Some schools in South Africa are assisted by government grants and input and therefore do not charge school fees. There are other schools that work on ‘sliding scales’ and will offer reduced fees depending on the family income.  There is no hard and fast rule though.  There is also no limit to how much a school is allowed to charge in school fees.  Higher school fees should generally translate to the available amenities and opportunities for learners.  Schools who charge higher in school fees may be able to afford Astroturf for their hockey fields, more outings to encourage and enhance learning and may offer higher salaries to secure exceptional teaching staff.  This is not a generalisation though and many lower fee paying schools provide quality education and experiences for their learners.  School uniform costs also differ from school to school.  Many schools have a standard summer and winter uniform, whereas others have a smarter version, a tracksuit and sport kit (varied for different sports), among others.  While some school uniforms are standard in their appearance (black shoes, black socks, black shorts/pants and a white shirt), others are very school specific which can be costly.  It must be kept in mind that many schools – government and private – have waiting lists.  If you are intent on your child attending the school you attended, or a specific school, you may need to place their name on a waiting list early on – in some instances this is needed as soon as they are born!  Placing your child’s name on a waiting list is also a cost that is incurred (and usually not returned if your child does not get accepted into the school).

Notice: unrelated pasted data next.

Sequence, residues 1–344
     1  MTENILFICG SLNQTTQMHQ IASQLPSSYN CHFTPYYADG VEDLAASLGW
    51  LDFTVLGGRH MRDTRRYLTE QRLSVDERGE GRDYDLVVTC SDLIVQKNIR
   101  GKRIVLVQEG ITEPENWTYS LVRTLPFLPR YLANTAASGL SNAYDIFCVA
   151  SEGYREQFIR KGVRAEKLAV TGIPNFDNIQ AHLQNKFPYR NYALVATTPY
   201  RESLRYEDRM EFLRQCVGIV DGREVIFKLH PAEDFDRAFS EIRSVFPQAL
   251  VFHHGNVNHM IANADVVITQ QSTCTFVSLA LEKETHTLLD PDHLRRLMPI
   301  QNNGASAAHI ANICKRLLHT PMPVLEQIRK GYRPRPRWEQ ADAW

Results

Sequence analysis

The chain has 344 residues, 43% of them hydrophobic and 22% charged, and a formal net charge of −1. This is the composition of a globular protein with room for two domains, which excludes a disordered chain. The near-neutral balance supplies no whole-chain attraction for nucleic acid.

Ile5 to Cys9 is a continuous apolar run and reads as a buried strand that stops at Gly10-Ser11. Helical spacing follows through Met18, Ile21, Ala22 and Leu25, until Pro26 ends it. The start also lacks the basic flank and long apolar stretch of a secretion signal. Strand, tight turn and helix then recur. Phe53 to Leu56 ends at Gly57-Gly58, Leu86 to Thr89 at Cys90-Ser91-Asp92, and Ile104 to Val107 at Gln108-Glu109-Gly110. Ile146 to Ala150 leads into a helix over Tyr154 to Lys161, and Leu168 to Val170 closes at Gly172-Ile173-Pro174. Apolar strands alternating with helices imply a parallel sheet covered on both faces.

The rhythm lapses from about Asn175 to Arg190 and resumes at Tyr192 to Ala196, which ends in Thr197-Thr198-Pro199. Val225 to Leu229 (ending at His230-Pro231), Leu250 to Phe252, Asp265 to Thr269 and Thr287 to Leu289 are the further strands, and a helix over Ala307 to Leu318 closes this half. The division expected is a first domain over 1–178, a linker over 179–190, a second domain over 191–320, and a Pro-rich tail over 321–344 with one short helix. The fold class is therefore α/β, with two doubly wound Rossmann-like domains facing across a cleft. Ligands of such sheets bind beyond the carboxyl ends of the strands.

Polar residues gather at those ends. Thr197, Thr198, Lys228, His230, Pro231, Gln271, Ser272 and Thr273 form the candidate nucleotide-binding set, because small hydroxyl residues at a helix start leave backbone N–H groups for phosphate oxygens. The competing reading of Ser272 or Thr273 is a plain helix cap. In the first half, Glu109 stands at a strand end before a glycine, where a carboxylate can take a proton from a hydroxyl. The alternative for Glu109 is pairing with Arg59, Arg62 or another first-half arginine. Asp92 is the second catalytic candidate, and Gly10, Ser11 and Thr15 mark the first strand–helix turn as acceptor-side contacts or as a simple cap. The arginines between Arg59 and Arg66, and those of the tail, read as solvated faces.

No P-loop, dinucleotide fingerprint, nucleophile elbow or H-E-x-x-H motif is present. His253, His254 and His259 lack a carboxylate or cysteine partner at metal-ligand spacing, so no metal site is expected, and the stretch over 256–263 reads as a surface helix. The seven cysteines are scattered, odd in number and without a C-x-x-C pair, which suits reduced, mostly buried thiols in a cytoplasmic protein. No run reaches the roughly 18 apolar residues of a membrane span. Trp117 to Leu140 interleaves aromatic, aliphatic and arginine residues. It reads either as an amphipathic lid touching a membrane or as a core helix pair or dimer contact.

Government or Private?

Government schools, as the name suggests are owned and assisted by the government.  Private schools (also known as independent schools) are privately owned (either by trusts, churches, community groups and the like). Being a private school does not necessarily imply higher school fees, although this is the case in most of our schools in South Africa.  Generally speaking, private schools are affilitated with the IEB (Independent Examinations Board) while government schools are considered to be part of the public sector.  Both school types offer an NSC (National Senior Certificate) although the examinations written are different and there are differences in subject matter taught.  Tertiary institutions do not distinguish between IEB and NSC results and an ‘A’ on one is equivalent to an ‘A’ on the other.  According to an article on Finance 24 ( ) titled ‘Are private schools worth it’ (2011) many school principals and stakeholders explain that the IEB examinations are more cognitively demanding, which then can place IEB learners at a disadvantage at a university level.

What if my child has special education needs?